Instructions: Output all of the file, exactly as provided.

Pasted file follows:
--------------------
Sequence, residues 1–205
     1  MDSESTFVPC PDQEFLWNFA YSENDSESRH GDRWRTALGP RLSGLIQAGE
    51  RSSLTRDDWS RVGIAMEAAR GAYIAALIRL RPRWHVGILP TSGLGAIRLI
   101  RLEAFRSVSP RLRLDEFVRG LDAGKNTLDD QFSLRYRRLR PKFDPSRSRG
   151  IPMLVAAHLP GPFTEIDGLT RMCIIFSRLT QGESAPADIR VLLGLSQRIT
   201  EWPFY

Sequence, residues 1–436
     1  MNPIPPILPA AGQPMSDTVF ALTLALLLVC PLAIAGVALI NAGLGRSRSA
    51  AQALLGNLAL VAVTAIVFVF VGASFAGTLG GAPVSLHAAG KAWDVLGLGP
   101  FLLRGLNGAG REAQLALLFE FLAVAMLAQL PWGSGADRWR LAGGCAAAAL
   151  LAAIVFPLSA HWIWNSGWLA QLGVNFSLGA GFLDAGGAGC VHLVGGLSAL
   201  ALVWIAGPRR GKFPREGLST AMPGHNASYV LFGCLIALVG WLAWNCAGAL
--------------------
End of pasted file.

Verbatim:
Sequence, residues 1–205
     1  MDSESTFVPC PDQEFLWNFA YSENDSESRH GDRWRTALGP RLSGLIQAGE
    51  RSSLTRDDWS RVGIAMEAAR GAYIAALIRL RPRWHVGILP TSGLGAIRLI
   101  RLEAFRSVSP RLRLDEFVRG LDAGKNTLDD QFSLRYRRLR PKFDPSRSRG
   151  IPMLVAAHLP GPFTEIDGLT RMCIIFSRLT QGESAPADIR VLLGLSQRIT
   201  EWPFY

Sequence, residues 1–436
     1  MNPIPPILPA AGQPMSDTVF ALTLALLLVC PLAIAGVALI NAGLGRSRSA
    51  AQALLGNLAL VAVTAIVFVF VGASFAGTLG GAPVSLHAAG KAWDVLGLGP
   101  FLLRGLNGAG REAQLALLFE FLAVAMLAQL PWGSGADRWR LAGGCAAAAL
   151  LAAIVFPLSA HWIWNSGWLA QLGVNFSLGA GFLDAGGAGC VHLVGGLSAL
   201  ALVWIAGPRR GKFPREGLST AMPGHNASYV LFGCLIALVG WLAWNCAGAL